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25 June 2012

Angus Baird emailed from Indonesia:

Hi Peter,

I see so many familiar names on your site that I am inspired to add mine.

I am Angus Baird and I worked at the Anewa bay Power House from (I think) 81 ~ 86 and then again returned after two years and stuck it out until we were sent home. I remember that the day before I got on the plane to go back for the second stint I heard that they had started blowing things up. ‘What have I done!’ I thought to myself.

Like many of the other refugees, since BCL, I have worked all around the place on various projects. Currently I am Owner’s rep on a 660MW coal fired project in West Java.

I should be thinking about retirement (62 next month) but can't see it happening for a while yet. I still enjoy work even though I do tend to complain about it a bit. There are many of us Boomers now still working and I have worked with guys well into their 70s and still going strong.

Your site is wonderful, thank you for all the effort that you must have put in to creating and maintaining it.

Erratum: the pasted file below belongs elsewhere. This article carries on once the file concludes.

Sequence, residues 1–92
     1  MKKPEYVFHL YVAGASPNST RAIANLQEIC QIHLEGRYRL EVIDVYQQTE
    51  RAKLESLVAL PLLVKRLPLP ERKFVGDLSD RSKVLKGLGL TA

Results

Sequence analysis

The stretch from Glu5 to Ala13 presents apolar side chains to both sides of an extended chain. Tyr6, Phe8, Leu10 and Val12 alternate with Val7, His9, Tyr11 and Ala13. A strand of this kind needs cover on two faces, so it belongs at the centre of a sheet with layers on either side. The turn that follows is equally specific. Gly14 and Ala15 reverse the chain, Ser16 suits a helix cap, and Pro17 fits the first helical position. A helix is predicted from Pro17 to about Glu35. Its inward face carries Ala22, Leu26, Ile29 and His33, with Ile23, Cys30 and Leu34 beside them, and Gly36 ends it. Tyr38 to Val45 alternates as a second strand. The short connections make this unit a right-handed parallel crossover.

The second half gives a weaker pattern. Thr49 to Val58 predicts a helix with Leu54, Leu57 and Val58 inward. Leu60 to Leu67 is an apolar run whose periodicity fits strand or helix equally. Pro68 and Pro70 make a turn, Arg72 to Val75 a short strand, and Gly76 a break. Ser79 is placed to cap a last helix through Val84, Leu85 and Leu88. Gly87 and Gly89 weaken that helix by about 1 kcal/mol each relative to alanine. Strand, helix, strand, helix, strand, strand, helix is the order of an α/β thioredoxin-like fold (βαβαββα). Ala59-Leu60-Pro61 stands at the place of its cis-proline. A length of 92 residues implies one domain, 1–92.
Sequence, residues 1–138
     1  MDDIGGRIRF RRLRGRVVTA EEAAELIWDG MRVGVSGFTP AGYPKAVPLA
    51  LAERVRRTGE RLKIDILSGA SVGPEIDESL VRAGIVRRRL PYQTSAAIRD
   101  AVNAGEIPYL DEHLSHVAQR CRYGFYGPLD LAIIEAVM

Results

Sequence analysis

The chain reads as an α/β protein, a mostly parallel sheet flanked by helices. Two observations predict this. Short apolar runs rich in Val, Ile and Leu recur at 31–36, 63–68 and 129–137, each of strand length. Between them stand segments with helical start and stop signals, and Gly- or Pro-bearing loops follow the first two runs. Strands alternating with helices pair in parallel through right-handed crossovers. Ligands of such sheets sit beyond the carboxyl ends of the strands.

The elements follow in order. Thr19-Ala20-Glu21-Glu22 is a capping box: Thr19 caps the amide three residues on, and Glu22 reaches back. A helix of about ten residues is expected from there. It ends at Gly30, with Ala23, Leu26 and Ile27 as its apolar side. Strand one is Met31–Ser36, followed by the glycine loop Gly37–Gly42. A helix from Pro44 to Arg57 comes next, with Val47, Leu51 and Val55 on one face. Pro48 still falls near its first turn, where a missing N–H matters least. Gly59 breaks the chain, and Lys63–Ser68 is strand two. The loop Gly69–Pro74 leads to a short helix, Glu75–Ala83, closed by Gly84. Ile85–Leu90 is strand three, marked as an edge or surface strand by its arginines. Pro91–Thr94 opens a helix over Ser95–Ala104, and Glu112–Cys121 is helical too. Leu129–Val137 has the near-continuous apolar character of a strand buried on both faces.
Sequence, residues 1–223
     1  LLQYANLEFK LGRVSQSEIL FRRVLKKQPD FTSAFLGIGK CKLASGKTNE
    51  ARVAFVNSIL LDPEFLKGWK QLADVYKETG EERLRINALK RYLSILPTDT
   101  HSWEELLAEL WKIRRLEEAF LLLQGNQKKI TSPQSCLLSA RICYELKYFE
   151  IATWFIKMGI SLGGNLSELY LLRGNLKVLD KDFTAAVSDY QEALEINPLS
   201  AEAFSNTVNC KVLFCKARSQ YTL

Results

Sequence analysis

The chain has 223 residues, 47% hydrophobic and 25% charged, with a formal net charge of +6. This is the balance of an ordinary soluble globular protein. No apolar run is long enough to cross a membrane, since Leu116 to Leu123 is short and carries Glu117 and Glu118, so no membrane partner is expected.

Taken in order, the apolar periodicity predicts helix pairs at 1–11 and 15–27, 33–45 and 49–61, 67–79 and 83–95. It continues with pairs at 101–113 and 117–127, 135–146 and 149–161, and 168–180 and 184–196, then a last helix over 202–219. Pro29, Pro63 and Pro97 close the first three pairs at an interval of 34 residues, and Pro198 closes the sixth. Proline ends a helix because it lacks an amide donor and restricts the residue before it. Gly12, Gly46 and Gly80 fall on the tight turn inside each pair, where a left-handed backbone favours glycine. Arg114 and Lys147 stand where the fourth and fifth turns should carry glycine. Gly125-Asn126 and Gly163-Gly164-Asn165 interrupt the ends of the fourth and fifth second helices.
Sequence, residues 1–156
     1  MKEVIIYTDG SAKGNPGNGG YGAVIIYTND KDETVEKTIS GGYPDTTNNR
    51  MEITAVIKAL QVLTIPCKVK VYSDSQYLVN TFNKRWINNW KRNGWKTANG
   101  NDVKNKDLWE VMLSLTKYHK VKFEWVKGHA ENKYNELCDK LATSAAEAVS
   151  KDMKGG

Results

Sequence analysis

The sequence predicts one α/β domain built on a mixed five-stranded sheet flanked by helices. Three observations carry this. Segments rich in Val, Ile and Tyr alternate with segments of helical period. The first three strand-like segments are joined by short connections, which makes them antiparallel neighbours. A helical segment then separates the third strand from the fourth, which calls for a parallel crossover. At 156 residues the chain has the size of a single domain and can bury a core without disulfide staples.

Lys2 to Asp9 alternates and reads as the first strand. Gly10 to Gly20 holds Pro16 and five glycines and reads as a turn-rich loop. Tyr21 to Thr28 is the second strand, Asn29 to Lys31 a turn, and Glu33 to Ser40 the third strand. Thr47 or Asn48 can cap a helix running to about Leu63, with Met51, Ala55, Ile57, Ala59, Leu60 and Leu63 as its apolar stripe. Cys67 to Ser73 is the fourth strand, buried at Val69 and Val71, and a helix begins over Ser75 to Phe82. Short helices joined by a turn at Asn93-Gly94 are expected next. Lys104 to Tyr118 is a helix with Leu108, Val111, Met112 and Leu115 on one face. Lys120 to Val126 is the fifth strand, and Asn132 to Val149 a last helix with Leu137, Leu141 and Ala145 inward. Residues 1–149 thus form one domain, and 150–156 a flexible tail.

Are there any recent photos of how things look now?

Take Care

Angus
angus.baird[AT]cirebonpower.co.id

7 June 2012

Just another night at Camp 6 at Loloho


Christmas 1970

From left to right: Neil Jackson, Bechtel Head Timekeeper, already well into his drinks but still some time before he would turn ugly and disagreeable, who eventually finished up back in Melbourne where, having inherited his auntie's million-dollar-mansion in blue-ribbon Toorak, he was surrounded by a whole lot of cats and empty bottles and neighbours who were trying to have him evicted; Peter Goerman, Bechtel Senior Auditor, sitting on the donga's most important piece of furniture, the beer fridge, and wondering how he'd finished up in this company of alcoholics and misfits; Bob Green, recently married Bechtel Timekeeper, whose young wife back in Australia would write him one long, multi-paged letter every day which he would receive by the dozen each mail-day, and then spent all night in his donga replying to them. Of course, such mental torture was too much and he only lasted a couple of months before returning to Melbourne.

A friend who was also there in the early days, posed the question, "Why did we all look so fabulously happy and healthy when we were there? Could we re-capture that if we went back there?" He answered his own question when he continued, "Actually, camp life is camp life and ... it is a real pleasure to be part of it and it never changes. I have had the opportunity to experience it in recent times and it is fun and brings back a lot of memories and really makes you feel young again, although when you try to leap over tall buildings like you used to, you hit the wall halfway up, but it's the trying in the right atmosphere that makes you feel good."